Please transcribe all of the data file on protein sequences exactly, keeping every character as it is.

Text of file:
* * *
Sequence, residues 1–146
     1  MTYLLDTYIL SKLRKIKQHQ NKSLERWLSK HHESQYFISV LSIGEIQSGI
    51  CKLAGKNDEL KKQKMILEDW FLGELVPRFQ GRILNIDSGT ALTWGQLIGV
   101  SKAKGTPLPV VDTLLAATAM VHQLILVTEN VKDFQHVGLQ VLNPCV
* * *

Sequence, residues 1–146
     1  MTYLLDTYIL SKLRKIKQHQ NKSLERWLSK HHESQYFISV LSIGEIQSGI
    51  CKLAGKNDEL KKQKMILEDW FLGELVPRFQ GRILNIDSGT ALTWGQLIGV
   101  SKAKGTPLPV VDTLLAATAM VHQLILVTEN VKDFQHVGLQ VLNPCV